In fact, it was just right.
On the Right, there are those who favor outlawing BDS altogether and argued the House did not go far enough. But H.Res. 246 was a welcome contrast to other proposals, including the one the Senate advanced earlier this year. In February, the Senate passed S.1, which would encourage States to use their own purchasing power to punish those who engage in boycotts of Israel. It passed by a vote of 77-23, splitting the Democratic caucus down the middle.
“BDS is working”
Since the launch of the modern BDS campaign, Israel’s economy, FDI, credit rating, tourism, and diplomatic ties have all reached record highs.
— Asher Fredman אשר פרדמן (@fredman_a) August 6, 2019
The Jewish Caucus offered similar criticism, saying the section on BDS presents “a single viewpoint on an extraordinarily complex international political dispute” and “singles out Israel — the world’s only Jewish state — for special critique and condemnation that is both out of context and factually inaccurate.”
“It would be a cruel irony if a curriculum meant to help alleviate prejudice and bigotry were to instead marginalize Jewish students and fuel hatred and discrimination against the Jewish community,” the letter concludes.
The caucus also said the curriculum ignores the Jewish contributions to California and anti-Semitism, saying it “effectively erases the American Jewish experience.” The omission, they note, is “indicative of an anti-Jewish bias.”
The letter also noted that when the curriculum does acknowledge Jews it does so in a “derogatory and discriminatory manner.” The curriculum’s Arab American Studies Course, for example, quotes a lyric by a British Palestinian rapper named Shadia Mansour, reading “For every free political prisoner, an Israeli colony is expanded / For each greeting, a thousand houses were demolished / They use the press so they can manufacture, but when my sentence is judged, reality presents itself.”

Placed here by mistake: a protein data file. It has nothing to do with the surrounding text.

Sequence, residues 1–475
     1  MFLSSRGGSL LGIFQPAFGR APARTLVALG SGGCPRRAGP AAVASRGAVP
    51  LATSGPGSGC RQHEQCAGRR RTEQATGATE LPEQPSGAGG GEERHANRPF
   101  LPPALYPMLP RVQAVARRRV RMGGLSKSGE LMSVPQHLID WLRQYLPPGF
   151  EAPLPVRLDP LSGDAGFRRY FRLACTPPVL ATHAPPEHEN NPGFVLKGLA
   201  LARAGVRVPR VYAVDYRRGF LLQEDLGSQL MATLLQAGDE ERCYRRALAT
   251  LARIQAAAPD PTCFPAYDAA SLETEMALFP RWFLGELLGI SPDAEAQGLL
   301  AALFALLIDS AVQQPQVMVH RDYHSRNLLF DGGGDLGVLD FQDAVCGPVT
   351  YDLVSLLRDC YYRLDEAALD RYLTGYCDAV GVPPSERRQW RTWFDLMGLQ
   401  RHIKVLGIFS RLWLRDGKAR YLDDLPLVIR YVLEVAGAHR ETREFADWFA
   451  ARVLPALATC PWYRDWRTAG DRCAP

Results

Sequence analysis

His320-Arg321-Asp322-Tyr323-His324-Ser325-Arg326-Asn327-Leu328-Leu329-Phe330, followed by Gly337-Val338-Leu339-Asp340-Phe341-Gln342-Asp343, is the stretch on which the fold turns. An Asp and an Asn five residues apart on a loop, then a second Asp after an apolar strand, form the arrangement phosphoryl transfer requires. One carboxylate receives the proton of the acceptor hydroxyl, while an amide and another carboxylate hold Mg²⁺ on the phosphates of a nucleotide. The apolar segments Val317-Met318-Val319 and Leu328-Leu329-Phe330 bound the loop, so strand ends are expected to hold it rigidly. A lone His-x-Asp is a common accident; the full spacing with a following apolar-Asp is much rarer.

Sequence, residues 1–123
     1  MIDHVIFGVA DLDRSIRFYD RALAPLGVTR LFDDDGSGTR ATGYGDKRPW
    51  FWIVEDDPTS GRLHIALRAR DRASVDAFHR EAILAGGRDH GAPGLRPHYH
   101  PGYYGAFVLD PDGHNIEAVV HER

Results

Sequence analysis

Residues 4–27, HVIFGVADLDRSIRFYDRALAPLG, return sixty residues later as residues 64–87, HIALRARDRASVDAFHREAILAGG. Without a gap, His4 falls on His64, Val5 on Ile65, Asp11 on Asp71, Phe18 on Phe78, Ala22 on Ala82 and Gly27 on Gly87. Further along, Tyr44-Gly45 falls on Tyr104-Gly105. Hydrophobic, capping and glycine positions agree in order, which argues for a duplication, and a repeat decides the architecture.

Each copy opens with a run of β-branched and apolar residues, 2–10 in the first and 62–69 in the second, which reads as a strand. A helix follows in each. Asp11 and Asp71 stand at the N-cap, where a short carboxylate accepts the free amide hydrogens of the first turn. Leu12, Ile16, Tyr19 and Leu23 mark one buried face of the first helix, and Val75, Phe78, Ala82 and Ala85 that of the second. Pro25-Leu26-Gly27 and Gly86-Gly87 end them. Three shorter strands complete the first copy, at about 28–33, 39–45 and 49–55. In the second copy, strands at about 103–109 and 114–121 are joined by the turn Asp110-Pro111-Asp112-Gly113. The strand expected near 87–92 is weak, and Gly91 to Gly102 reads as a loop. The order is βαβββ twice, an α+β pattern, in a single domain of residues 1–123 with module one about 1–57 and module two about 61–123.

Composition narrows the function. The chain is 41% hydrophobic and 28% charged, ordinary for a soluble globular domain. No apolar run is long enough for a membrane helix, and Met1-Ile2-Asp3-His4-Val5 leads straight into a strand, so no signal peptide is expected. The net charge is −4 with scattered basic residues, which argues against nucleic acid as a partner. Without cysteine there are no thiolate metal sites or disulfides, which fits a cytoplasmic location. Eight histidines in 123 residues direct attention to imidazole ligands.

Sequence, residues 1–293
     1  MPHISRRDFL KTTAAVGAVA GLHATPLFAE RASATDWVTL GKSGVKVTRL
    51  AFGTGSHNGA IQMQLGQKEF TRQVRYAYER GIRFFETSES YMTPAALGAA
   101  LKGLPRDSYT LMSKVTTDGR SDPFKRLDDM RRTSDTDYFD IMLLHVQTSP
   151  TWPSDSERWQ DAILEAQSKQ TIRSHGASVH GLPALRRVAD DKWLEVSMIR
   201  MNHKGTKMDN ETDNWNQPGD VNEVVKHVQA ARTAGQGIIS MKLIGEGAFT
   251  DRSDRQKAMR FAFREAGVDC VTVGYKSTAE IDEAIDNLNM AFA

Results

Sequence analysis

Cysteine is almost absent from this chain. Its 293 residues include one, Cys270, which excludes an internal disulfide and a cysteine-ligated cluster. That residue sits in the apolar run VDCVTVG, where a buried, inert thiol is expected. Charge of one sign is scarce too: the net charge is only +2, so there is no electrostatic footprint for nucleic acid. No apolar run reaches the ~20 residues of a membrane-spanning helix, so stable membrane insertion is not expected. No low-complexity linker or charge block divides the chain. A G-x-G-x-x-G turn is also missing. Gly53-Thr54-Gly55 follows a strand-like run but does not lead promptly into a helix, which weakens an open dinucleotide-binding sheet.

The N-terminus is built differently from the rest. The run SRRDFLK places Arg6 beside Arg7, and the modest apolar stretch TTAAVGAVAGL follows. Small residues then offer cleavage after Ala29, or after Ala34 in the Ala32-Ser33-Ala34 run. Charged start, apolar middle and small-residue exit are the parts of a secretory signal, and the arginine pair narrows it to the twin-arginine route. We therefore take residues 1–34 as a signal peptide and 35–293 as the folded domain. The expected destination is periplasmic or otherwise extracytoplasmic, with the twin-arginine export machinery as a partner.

The curriculum does not offer an Israeli Jewish perspective on the Middle East conflict, the caucus notes, and the rapper’s phrase “use the press so they can manufacture” is “a classic antisemitic trope abut Jewish control and the media.”
The Jewish Public Affairs Committee of California, a coalition of community relations councils, has also communicated its concerns to the education department, the Jewish News Syndicate reported.
“We have concerns that include the curriculum’s omission both of Jews as an ethnic group and of anti-Semitism as a concept. The curriculum should reflect the true diversity of California’s population,” Jeremy Russell, spokesman for the Jewish Community Relations Council of San Francisco, told JNS.
Other Jewish groups both in and outside of California expressing concerns about the proposed curriculum include the Simon Wiesenthal Center, the American Jewish Committee and Camera, the Committee for Accuracy in Middle East Reporting and Analysis. (h/t IsaacStorm)
.@LionelRichie refused to cancel his concert in Israel or be intimidated by threats. #BDS & intimidation only undermine the chances for peace & do absolutely NOTHING to help Palestinians. https://t.co/SnnpG9CSdm
— Jason D. Greenblatt (@jdgreenblatt45) August 5, 2019
The non-partisan educational group The Israel Project (TIP) closed its office in Israel last week and is expected to do the same in Washington.
Started in 2002, the pro-Israel organization saw a massive decline in donations in recent years—from $8,696,052 in 2015 to $4,922,854 in 2016. Last month, its CEO and President, Josh Block, resigned.
In a Facebook post, Lior Weintraub, former head of the project’s Israel office, said the reason for declining support for the organization is its non-partisan stance.
He wrote, “In the last two-and-a-half years when the polarization in America reached new highs, we safeguarded our apolitical bipartisan middle line with all the strength possible and no compromises because we knew it was the right way to serve Israel and it was the way to serve Israel-US relations.”
“There were no buyers for anything in the middle in 2019, and TIP as a middle organization was the first victim of polarization in the pro-Israeli system in America, and to a large extent this is fine; there are goals for which is worth getting hurt in the long run.”
I recently received an intriguing notification from Twitter about a number of accounts that I had reported to the platform for antisemitic hate speech and other wrongdoings.
The message listed the handles that Twitter found in violation of its policies. Among them was @HamasInfoEn, which carried the name “Hamas Movement.”
That’s right. Hamas Movement — aka Hamas. The terrorist group that threatens Israel on a regular basis. The account calls itself an “official account.”